Shauni James is a Rotorua Daily Post reporter

Injured cricketer back in driving seat

RECOVERY: Rotorua cricketer Karl McKnight has been back doing full hours at work for five weeks, and says it is good to be back. PHOTO/STEPHEN PARKER
RECOVERY: Rotorua cricketer Karl McKnight has been back doing full hours at work for five weeks, and says it is good to be back. PHOTO/STEPHEN PARKER

After being hit in the head with a ball six months ago, Rotorua cricketer Karl McKnight is now back at work full time and looking forward to being able to drive again.

And as the new season nears, Mr McKnight is urging other cricketers to wear helmets when both training and playing.

"Accidents happen and they can happen to anyone."

The Geyser City Cricket Club player suffered swelling to the brain when hit by a delivery while batting in February. He was not wearing a helmet.

Mr McKnight said he would "absolutely" be getting back into cricket this season and the club had already started having meetings.

He said he was looking forward to it, but it would be interesting, especially facing his first short pitched delivery.

In the Western Bay, every batsman now had to wear a helmet, as well as the wicket keepers when standing up to the stumps, he said.

"I believe the Rotorua Cricket Association are doing the same thing."

He said this had always been the case with junior cricket, but now senior cricket was heading that way too.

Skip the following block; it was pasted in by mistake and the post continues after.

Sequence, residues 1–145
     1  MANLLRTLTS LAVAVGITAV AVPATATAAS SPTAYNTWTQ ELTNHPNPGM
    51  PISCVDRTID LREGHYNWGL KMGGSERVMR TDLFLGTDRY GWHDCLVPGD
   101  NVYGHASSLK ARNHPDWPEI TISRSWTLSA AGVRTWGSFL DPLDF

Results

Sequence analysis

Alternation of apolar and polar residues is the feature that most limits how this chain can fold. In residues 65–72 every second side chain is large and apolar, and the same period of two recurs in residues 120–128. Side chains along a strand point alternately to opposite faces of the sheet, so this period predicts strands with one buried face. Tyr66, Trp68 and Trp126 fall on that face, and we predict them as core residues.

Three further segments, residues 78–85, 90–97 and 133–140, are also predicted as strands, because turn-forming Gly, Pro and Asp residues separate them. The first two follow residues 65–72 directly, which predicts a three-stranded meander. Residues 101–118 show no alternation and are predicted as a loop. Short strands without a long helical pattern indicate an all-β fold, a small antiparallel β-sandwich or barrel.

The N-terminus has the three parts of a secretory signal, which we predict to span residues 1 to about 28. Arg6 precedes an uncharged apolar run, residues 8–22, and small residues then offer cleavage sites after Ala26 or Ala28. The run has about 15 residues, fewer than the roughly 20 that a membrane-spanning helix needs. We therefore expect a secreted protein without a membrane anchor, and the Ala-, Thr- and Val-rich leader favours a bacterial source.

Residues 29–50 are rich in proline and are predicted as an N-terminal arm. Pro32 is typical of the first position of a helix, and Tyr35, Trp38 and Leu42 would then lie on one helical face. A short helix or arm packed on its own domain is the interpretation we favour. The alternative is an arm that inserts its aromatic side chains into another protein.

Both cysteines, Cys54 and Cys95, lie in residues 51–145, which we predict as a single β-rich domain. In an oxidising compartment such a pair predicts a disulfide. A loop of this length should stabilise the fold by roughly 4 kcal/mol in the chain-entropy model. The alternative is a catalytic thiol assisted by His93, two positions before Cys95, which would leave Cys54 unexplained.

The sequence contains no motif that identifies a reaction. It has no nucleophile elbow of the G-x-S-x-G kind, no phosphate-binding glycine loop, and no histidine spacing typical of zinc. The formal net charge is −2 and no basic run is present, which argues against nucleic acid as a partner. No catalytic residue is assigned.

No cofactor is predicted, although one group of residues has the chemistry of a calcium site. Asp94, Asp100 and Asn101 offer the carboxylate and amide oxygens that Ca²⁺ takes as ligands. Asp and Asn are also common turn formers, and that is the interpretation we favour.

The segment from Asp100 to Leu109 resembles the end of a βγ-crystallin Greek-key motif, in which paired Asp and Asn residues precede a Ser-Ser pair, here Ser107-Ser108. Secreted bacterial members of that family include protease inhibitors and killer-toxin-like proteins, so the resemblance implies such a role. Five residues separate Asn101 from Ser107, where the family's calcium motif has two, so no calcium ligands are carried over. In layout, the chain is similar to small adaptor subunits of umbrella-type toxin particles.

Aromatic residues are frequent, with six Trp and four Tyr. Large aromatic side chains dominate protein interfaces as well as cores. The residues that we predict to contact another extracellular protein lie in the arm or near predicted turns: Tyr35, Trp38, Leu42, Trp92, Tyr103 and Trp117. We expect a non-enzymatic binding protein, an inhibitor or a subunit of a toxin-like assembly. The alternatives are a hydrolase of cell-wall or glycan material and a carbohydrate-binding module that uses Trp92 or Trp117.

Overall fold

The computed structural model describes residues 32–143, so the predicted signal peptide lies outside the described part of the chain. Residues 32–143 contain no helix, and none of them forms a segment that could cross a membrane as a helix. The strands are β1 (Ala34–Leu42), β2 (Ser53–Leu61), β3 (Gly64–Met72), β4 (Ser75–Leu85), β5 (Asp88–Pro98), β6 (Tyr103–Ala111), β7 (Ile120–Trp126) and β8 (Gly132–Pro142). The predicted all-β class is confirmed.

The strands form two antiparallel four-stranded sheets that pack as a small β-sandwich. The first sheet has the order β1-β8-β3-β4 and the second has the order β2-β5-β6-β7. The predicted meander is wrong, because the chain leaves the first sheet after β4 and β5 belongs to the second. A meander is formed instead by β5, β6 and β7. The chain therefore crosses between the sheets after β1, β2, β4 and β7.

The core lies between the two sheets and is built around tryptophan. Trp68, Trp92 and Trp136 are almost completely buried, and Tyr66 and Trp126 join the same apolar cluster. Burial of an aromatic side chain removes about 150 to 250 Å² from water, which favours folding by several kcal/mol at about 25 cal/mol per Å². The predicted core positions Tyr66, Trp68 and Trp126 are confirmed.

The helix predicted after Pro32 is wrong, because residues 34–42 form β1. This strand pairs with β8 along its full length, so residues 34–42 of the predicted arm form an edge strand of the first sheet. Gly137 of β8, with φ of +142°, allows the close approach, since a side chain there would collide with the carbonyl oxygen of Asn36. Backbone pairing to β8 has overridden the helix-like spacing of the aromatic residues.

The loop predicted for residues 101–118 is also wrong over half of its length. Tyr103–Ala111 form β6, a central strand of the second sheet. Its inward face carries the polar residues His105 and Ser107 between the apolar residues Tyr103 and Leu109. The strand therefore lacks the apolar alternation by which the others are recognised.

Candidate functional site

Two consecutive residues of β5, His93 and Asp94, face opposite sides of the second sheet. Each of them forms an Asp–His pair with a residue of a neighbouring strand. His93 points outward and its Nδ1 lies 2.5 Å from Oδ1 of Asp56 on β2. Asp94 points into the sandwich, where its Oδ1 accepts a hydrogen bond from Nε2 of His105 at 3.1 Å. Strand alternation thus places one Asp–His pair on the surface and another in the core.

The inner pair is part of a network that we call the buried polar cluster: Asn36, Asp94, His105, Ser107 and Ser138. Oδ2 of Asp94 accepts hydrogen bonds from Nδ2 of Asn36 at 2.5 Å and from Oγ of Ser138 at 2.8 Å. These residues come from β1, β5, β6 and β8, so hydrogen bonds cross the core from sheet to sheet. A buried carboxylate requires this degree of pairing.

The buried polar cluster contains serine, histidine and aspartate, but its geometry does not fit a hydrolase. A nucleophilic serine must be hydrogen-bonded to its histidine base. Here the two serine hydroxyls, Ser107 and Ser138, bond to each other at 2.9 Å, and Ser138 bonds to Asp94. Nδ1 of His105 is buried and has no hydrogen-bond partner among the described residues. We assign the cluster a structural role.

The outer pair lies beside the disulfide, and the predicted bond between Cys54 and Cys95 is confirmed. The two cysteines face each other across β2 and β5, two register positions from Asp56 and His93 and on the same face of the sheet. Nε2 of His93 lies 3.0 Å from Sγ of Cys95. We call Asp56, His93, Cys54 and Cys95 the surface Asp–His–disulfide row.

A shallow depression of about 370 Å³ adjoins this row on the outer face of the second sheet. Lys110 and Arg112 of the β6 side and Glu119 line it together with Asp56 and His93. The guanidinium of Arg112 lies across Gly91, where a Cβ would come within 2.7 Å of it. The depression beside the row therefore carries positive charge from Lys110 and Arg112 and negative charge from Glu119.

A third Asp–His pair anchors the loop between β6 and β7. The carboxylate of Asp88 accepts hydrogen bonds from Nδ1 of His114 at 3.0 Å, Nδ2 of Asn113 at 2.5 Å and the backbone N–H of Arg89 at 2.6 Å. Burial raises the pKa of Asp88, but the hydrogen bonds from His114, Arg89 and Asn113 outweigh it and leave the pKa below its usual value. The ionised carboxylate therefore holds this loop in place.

Meanwhile, Mr McKnight went back to full hours at his work, Red Stag Timber, five weeks ago.

He said he was doing fine, but was not quite so quick on the uptake in terms of memory and quickness to solve problems.

"For me it's a bit of a frustrating thing."

He still got tired if he had a long day and "the brain just doesn't click over as fast as it used to".

"It's really good to be back. I still suffer a bit of mood swings, more than I would normally get."

He said his neurologist had told him it took time for the brain to completely heal, and people who'd had the brain surgery he did had a 25 per cent chance of developing epilepsy for the first two years post-surgery.

His appointments with the neurologist had finished at this stage, unless there were developments, Mr McKnight said.

"It's been a long process."

He said this Saturday would be the "big occasion" where he could drive again, six months after surgery.

Mr McKnight said he had also been riding his mountain bike for some time, and was getting back to full fitness.

He said he enjoyed the biking, though he had to be careful, and he had a couple of big mountain biking events coming up, including the Whaka 100.

ACC had supported him with taxis to work and in preparation for the next cricket season, were looking at giving him a new, modern helmet.

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